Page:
Martyred for the Gospel

Martyred for the Gospel
The burning of Tharchbishop of Cant. D. Tho. Cranmer in the town dich at Oxford, with his hand first thrust into the fyre, wherwith he subscribed before. [Click on the picture to see Cranmer's last words.]

Collect of the Day

The First Sunday in Lent.

The Collect

O LORD, who for our sake didst fast forty days and forty nights; Give us grace to use such abstinence, that, our flesh being subdued to the Spirit, we may ever obey thy godly motions in righteousness, and true holiness, to thy honour and glory, who livest and reignest with the Father and the Holy Ghost, one God, world without end. Amen.

Daily Bible Verse

Tuesday, October 08, 2013

The Reformed Faith and the Westminster Confession, by Dr. Gordon H. Clark

According to Dr. Gordon H. Clark, what set the Westminster Confession of Faith apart from other Reformation era confessions is that it starts out with the doctrine of Scripture rather than the doctrine of God (2 Timothy 3:16-17).  This is significant because it asserts that God cannot be known apart from special revelation in the inscripturated Word of God.  General revelation in nature is insufficient for saving knowledge or for saving faith (Romans 1:18-21).  As Dr. Clark put it:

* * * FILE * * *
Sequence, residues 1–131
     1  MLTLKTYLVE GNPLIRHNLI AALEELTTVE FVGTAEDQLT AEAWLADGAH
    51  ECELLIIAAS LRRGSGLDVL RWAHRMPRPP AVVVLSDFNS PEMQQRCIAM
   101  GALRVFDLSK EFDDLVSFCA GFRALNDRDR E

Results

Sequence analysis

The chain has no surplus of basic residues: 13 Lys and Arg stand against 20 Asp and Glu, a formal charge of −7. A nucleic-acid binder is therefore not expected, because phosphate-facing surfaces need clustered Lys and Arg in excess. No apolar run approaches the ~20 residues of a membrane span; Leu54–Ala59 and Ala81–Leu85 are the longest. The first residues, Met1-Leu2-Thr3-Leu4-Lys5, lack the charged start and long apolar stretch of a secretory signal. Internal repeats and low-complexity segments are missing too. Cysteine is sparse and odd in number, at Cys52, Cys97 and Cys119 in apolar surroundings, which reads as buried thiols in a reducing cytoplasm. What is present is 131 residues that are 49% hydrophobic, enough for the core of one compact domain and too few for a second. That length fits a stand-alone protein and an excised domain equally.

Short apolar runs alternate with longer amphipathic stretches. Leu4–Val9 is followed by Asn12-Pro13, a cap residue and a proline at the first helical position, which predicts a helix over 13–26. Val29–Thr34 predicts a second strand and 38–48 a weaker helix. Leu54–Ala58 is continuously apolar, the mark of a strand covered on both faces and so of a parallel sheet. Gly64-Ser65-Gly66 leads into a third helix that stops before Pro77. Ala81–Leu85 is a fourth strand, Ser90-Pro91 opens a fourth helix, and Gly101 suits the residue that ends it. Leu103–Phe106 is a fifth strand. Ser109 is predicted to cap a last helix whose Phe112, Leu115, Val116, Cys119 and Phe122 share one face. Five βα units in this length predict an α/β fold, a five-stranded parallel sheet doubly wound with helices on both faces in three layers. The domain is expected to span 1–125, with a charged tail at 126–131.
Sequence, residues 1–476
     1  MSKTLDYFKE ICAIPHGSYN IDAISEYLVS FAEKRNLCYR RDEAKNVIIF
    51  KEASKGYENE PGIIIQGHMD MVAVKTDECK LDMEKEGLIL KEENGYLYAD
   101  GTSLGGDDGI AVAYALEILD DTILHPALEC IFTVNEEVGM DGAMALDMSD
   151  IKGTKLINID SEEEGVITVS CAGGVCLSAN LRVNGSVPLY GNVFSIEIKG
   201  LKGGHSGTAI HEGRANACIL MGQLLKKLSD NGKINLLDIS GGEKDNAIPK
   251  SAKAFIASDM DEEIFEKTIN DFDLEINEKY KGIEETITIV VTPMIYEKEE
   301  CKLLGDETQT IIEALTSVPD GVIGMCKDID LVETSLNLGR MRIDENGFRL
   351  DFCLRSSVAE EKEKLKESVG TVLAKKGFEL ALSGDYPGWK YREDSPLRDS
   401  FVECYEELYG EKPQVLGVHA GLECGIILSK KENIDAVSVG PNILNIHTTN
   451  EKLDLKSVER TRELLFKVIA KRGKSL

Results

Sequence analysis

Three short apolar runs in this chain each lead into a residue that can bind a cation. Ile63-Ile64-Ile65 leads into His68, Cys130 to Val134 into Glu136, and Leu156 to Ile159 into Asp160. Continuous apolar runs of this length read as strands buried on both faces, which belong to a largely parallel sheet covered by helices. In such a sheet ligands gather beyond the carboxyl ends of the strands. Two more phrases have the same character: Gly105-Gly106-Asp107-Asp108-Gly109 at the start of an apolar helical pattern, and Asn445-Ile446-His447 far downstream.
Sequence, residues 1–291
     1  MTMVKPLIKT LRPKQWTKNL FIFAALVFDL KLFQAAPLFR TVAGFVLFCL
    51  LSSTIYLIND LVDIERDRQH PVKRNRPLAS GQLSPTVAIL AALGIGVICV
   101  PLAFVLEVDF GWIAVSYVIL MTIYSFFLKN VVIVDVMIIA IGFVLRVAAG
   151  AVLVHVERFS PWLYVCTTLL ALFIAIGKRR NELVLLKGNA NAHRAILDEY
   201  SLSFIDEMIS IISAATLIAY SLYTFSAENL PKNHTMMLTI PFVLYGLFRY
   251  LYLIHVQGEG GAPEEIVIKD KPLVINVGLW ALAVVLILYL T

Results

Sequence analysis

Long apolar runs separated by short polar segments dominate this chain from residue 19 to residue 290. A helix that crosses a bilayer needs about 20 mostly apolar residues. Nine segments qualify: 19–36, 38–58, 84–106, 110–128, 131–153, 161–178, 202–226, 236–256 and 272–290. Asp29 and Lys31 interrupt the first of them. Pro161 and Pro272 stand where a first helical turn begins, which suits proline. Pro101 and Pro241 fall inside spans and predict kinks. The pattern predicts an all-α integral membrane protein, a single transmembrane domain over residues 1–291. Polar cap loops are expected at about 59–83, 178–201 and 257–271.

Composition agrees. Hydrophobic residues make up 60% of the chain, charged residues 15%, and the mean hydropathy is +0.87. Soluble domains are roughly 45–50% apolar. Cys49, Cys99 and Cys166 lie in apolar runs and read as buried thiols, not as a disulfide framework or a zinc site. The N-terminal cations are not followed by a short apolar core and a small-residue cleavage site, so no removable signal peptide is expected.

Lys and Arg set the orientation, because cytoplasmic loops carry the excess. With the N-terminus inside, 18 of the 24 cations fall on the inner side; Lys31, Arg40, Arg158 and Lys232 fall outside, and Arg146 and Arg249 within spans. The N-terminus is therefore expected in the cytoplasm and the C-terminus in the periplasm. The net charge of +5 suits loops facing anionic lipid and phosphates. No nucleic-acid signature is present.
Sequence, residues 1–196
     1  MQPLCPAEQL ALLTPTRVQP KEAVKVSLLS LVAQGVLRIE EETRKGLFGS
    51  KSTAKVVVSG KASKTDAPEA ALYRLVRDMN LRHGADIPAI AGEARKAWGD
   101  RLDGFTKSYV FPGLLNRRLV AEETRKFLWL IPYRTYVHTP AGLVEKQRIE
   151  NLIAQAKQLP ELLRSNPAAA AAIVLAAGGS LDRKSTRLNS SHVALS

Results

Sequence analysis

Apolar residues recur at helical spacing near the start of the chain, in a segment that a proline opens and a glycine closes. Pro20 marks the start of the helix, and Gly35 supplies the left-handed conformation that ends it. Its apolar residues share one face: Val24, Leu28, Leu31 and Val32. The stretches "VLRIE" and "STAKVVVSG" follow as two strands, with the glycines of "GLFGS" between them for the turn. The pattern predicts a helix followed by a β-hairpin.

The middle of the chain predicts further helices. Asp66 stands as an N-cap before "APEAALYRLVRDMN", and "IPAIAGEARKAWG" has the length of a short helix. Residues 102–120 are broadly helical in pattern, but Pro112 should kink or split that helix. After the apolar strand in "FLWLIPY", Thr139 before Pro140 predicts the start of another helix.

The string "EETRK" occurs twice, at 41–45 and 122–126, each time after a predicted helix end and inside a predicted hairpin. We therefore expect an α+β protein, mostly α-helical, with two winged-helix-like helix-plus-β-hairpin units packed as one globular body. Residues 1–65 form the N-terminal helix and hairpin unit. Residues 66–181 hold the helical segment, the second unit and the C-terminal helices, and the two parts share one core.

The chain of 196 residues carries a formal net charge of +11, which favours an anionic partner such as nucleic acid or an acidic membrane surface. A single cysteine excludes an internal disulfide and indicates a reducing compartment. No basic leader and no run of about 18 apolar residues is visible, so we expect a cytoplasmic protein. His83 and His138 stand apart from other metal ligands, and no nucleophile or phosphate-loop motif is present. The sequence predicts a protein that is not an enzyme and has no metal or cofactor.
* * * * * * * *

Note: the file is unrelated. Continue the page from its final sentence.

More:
One day I stood beside a small lake in the Rocky Mountains of Wyoming. Water flowed out of the lake from both ends. The water that flowed out one end descended into stifling canyons and blistering deserts of Utah and Arizona; the water that flowed out the other end of this lake went through the fertile fields of the Midwest. I was standing on the great continental divide.

Metaphorically the first chapter of the Westminster Confession is a continental divide. Although the written Word of God has been the touchstone of pure doctrine in all ages, the twentieth century shows still more clearly that this chapter forms the great divide between two types of religion, or to make it of broader application, between two types of philosophy. Perhaps it would be plainer to say that the acceptance of the Bible as God’s written revelation separates true Christianity from all other types of thought.

- See more at:  The Reformed Faith and the Westminster Confession

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